More than a decade ago, Noël Fiorentinos set out to create a gym that uplifted, supported and pushed women to feel confident and strong while striving to reach their fitness goals. Now with two locations in Hoboken, her studio Work it Out
has become a fitness brand that a community of ladies counts on—not only for the cult fave signature classes (Sweata Weatha and Tight End to name a few) but also for girls’ gymnastic programs, events, curated wellness products and major boss babe inspo. We caught up with the Englewood mom about how her brand has evolved, the role family plays in her business, and how she’s adapting amid quarantine right now.
Noël with her husband and daughter Vaida (3)
Work it Out is all about empowering women to feel their best through fitness. How did you first start and how has your mission evolved?
I founded Work it Out in Hoboken over 10 years ago, and it’s a female-driven, fitness lifestyle brand. We consider ourselves a haven where women can work out in an environment that feels comfortable, familiar, and without judgment. I love to create and Work it Out is an extension of who I am. I am constantly refining the brand as my vision evolves. Before this, I was involved in competitive gymnastics and opening a business always felt like the ideal path for my professional growth.
In light of what’s going on with COVID-19, you’ve become one of many small business owners who have had to pivot and adapt in massive, unexpected ways. Tell us how you’re dealing with this unprecedented time as a business owner.
In the beginning, I did not want to believe this was going to be as insane as it has become. In general, I like to think I am an optimistic and positive person, and this virus was anything but that. So, I refused to give in to the fear right away. After discussing the virus with family and friends, I was coming to see that this was very much a real situation. Our business caters to women and girls of all different ages and both our employees and clients started to have concerns. To ease everyone’s fears, we released new cleaning protocols to ensure everyone’s safety. I assumed this was as far as it was going to go. By the third week, though, the climate of fear was escalating fast in the world and it hooked me. I was feeling a whirlwind of emotions—anger, sadness, confusion, disappointment, and pressure. On top of this entire COVID conversation, I’m 8 months pregnant. For someone who is pretty quick under pressure and has a lot of answers, I was thrown completely out of balance and understood nothing.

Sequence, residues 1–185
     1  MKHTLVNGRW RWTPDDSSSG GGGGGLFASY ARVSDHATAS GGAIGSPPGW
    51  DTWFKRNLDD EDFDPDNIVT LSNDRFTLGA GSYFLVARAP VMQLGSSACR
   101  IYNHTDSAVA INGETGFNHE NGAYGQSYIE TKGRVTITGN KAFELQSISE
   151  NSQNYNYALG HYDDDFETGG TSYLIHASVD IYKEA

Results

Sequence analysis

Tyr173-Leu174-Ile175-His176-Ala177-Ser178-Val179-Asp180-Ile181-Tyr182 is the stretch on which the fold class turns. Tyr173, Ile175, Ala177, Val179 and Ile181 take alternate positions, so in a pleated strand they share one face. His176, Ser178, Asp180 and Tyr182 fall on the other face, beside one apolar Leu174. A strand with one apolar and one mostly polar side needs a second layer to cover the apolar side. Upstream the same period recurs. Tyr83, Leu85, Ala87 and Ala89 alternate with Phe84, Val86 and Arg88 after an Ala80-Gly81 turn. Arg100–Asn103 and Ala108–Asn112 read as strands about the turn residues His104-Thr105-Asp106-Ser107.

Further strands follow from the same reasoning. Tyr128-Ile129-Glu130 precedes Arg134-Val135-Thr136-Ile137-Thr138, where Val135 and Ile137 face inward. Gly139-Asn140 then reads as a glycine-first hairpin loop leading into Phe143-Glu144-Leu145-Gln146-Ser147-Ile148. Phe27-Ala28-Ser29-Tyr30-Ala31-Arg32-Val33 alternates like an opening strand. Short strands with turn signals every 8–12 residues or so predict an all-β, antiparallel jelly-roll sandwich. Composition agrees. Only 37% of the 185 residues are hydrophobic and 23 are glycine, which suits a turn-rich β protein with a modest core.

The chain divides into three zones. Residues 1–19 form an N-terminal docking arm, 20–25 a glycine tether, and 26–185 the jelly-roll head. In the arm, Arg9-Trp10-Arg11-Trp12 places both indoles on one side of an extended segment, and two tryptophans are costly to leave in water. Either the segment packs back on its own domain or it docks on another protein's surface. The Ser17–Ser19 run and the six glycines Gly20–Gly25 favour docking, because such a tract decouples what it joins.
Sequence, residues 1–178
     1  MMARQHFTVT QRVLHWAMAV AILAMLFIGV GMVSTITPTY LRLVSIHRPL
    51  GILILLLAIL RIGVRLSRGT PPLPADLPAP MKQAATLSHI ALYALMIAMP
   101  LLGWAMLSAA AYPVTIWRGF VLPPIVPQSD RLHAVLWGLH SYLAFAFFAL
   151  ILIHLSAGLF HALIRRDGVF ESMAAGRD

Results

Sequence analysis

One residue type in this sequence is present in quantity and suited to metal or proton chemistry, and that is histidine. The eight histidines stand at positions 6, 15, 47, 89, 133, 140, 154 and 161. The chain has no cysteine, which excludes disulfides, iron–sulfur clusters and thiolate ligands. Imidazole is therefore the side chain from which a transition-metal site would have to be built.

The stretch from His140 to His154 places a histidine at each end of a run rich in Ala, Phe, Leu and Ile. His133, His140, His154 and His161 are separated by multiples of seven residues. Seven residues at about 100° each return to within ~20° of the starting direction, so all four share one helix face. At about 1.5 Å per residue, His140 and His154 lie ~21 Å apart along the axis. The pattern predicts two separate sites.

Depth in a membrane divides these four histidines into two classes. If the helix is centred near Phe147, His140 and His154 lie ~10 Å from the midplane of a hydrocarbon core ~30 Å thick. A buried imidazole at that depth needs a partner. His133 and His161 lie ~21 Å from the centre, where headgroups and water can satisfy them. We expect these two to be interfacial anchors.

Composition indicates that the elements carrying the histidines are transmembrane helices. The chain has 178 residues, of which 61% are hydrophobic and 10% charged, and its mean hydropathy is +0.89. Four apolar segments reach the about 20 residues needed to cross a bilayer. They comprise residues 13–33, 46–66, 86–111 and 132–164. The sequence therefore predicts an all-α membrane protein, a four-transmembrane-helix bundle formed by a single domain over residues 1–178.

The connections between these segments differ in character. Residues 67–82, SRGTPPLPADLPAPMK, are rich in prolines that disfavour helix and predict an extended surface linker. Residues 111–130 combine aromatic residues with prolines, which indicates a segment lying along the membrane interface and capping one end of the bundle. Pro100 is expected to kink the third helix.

On Thursday, March 12th, early in the morning, I sat down with my thoughts and wrote a long letter to our community that we were closing. I was incredibly emotional, and it took every ounce of courage for me to hit send on the email. It was an intense experience for me—the decisions I make affect over 1,000 members and 40 people on staff, including my two younger sisters. After that, I just sat back and processed what was going on—I felt like I was frozen in time, like a shock after someone dies. I didn’t do much except talk to all the people around me—my friends, family, and employees. I called every single instructor on staff and asked them how they were and in return, I shared how I felt paralyzed. They understood and made me feel supported and cared about what I was dealing with. The warmth I received from those calls helped me cope.
Since closing five weeks ago, we have been actively teaching free Instagram live classes
daily. Our very supportive staff has been volunteering their time until we figure out how this new period is going to work. We are very close to offering a paid virtual class option for our members. We rented out our equipment for the duration of the quarantine to the community, and we’ve been putting a lot of focus and energy into our online store. These new revenue streams help but they do not compare to our in-person business. Everything that we’ve been dealing with feels like a high-stakes challenge for me.